Opinion | On Access to Justice, Judicial Reform in South Sudan (Part 1)
The Commission on Human Rights in South Sudan has recommended that the Government strengthen the independence and capacity of the judiciary and national justice institutions. UNHCR has also recommended that South Sudan: reinforce the organizational structures of the police, prosecution, court, and prison services through vetting, oversight and disciplinary mechanisms, transparent remuneration and training; strengthen access to justice for all population groups, including refugees, returnees and internally displaced persons; and establish police, justice and social services teams to help restore security and order in sites for internally displaced persons, returnees and refugees, and in other isolated areas.
Those are in this month’s Third Cycle of South Sudan’s Universal Periodic Review UPR at the United Nations Human Rights Council, at Geneva, particularly in the Compilation of UN Information, Report of the Office of the United Nations High Commissioner for Human Rights, report prepared pursuant to Human Rights Council resolutions 5/1 and 16/21, taking into consideration the periodicity of the universal periodic review, is a compilation of information contained in reports of treaty bodies and special procedures and other relevant United Nations documents, presented in a summarized manner owing to word limit constraints, according to the submission.
Also included in the report is that the Commission on Human Rights in South Sudan and the United Nations country team reported that inadequate infrastructure, resources, and capacity diminished State abilities to provide civilians with access to justice and that Customary courts were not mandated to hear serious criminal cases and were ill-suited to providing justice to women and victims of sexual violence given gender biases and the lack of procedural safeguards.
On Access to Justice, judicial reform and the R-ARCSS
While delays in its implementation continue, the R-ARCSS has enshrined that the Judiciary of South Sudan shall be independent and subscribe to the principle of separation of powers and the supremacy of the rule of law, further providing that there shall be reforms of the judiciary that shall include but not be limited to the review of the Judiciary Act during the Transition, and that “efforts shall be made to build the capacity of the judicial personnel and infrastructure.”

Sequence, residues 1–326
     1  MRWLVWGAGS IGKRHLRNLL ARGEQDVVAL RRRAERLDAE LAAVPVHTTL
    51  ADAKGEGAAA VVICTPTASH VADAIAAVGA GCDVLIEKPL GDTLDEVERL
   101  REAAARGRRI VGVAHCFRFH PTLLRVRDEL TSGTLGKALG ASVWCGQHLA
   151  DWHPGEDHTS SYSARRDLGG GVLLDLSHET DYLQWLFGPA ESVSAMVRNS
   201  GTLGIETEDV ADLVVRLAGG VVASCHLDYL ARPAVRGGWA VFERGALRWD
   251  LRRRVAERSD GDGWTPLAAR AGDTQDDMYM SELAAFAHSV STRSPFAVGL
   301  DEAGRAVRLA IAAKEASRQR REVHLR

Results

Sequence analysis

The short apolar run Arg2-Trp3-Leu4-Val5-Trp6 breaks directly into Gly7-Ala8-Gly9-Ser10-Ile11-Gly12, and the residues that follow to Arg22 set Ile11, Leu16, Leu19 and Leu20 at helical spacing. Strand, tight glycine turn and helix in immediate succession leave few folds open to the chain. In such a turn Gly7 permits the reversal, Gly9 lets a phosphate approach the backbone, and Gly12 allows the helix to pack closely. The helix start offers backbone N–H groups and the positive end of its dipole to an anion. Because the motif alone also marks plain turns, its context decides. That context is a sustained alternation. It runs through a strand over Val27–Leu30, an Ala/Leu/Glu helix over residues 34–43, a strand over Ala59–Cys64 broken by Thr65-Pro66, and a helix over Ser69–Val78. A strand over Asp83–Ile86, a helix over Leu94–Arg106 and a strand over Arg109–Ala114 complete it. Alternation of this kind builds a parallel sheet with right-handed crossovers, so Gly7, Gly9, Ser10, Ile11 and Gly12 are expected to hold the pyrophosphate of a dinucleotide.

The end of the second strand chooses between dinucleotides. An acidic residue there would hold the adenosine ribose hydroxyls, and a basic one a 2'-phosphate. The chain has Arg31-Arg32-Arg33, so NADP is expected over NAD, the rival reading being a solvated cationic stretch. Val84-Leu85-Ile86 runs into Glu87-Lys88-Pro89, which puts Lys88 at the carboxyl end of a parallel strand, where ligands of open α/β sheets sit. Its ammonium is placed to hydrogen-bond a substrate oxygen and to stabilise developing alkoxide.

The R-ARCSS has also provided that the Revitalised Transitional Government of National Unity RTGoNU shall establish an ad hoc Judicial Reform Committee (JRC) to study and make recommendations to the RTGoNU for consideration. The JRC shall be composed of the parties to the R-ARCSS, the Agreements says, it shall be chaired by an eminent and independent jurist and its members shall be drawn by the stakeholders from the legal profession.
What has been done so far?
In the National Report submitted by South Sudan at this month’s Third Cycle of South Sudan’s Universal Periodic Review UPR at the United Nations Human Rights Council, Geneva, the government said it is working in collaboration with IGAD to establish an the hoc Judicial Reform Committee and that the process is at “advance level of the implementation.”
“As envisaged under the R-ARCSS, the Judicial Reform Committee will lay a firm foundation for the peaceful and prosperous country, based on justice, respect for rule of law premised on an independent, effective and efficient judiciary. The Government and IGAD have developed and signed the Terms of Reference pursuant to Articles 1.17 and 1.17.5 of the R-ARCSS,” National Report submitted by South Sudan reads, “The Terms of Reference for the establishment of Judicial Reform Committee have been signed by the Government, IGAD and R-JMEC. Currently, IGAD working to identify the legal experts from the region, to serve as Chair and Deputy Chair of the JRC. IGAD is also expected to write to the parties to the R-ARCSS to nominate their representatives based on the formula set out in the R-ARCSS, for appointment to the JRC by the Transitional Government of National Unity.”
Further, in the National Report, the Government of South Sudan says it is “committed to promote and protect human rights of all citizens through the implementation of the institutional reforms” enshrined in the R-ACRSS, among others, and that it is seeking from the international community and partners the following:
(a) Support in establishing a database to collect and store information and statistical data on the realization and enjoyment of human rights of the South Sudanese citizens;
(b) Building the capacity of government officials both in national, State, and Local government levels on the use of human rights-based approaches to plan, program, develop policies and monitoring and evaluation processes;
(c) Capacity building on human rights for military, police, national security, prison personnel, prosecutors, and judicial officers.
Part two of this article shall look at the Independence of the Judiciary, as the Transitional Constitution states that the Judiciary shall be independent of the executive and the legislature; relevant laws, observations, arguments, and controversies about the same.
Roger Alfred Yoron Modi, a South Sudanese journalist, is the author of the book Freedom of Expression and Media Laws in South Sudan. Roger is also the Producer and Host of The Weekly Review: Making Sense of News and Relevant Topics. For more, keep in touch with his website rogeryoronmodi.com
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